Portugal picks new government with $ 50 bn of EU funds on table

Lisbon: Portuguese voters went to the polls Sunday in an early election that looked set to produce another vulnerable minority government, just as the country is poised to start spending a huge windfall of European Union funds.

That outcome would leave Portugal back where it started two months ago, when lawmakers rejected the minority Socialist government's spending bill and the country's president dissolved parliament.

The center-left Socialists and their main rivals, the center-right Social Democratic Party, were in a tight race, opinion polls suggested.

Those two parties traditionally collect around 70per cent of the vote and have for decades alternated in power in Western Europe's poorest country.

The landslide victory needed to form a majority government, which can pass most legislation despite opposition in parliament, is rare. Portugal has had just three majority governments in the past half-century.

That means one of the two main parties likely will have to form parliamentary alliances by cutting deals with smaller parties.

The stakes are high: Portugal, a country of around 10.3 million people, is poised to begin deploying some 45 billion euros (USD50 billion) of aid as a member of the EU to help spur the economy after the COVID-19 pandemic.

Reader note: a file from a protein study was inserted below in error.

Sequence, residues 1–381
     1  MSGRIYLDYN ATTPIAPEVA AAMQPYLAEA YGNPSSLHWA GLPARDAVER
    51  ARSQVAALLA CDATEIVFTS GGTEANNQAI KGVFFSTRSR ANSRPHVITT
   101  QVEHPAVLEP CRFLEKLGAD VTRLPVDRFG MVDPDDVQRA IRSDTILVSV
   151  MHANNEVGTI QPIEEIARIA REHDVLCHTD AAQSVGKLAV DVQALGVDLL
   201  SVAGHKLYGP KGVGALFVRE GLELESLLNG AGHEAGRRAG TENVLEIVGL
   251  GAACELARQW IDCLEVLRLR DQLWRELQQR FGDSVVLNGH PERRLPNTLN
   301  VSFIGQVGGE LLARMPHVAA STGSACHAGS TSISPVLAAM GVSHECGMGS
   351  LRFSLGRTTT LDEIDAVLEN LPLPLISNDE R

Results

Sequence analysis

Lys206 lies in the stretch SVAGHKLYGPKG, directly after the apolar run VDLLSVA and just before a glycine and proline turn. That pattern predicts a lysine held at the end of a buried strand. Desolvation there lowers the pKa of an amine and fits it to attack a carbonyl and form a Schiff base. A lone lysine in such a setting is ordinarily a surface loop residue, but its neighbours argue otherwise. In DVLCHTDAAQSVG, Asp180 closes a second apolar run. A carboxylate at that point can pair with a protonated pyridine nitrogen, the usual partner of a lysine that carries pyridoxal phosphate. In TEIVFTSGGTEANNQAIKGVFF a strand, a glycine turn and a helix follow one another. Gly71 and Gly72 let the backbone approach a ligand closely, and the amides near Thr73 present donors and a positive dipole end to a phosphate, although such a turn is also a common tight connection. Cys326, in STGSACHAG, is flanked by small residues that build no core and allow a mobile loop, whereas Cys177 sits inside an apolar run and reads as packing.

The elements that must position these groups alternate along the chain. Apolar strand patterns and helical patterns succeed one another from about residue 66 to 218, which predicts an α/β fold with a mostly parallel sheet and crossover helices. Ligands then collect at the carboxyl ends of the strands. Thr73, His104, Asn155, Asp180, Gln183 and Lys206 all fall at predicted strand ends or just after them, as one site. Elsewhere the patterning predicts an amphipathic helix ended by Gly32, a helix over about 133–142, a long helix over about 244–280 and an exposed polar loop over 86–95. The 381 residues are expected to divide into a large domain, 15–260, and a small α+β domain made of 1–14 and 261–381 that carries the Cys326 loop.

Two-thirds of that sum is intended for public projects, such as major infrastructure, giving the next government a financial bonanza. The other third is to be awarded to private companies.

The ballot took place amid a surge in COVID-19 cases blamed on the Omicron variant, with about 1.2 million people confined at home but allowed to go to polling stations to cast their vote.

President Marcelo Rebelo de Sousa, in an election-eve address to the nation, urged people to vote, saying it is a way of saying that ... nothing, and nobody, can silence our voice.

He said the coming years would be marked by leaving behind a painful pandemic (and) an urgent rebuilding of the economy.

Since it came to power in 2015, the Socialist Party had relied on the support of their smaller allies in parliament the Left Bloc and the Portuguese Communist Party to ensure the annual state budget had enough votes to pass.

But last November their differences, especially over public health spending and workers' rights, were insurmountable, leaving Socialist Prime Minister Ant nio Costa short of votes to pass his party's plan.

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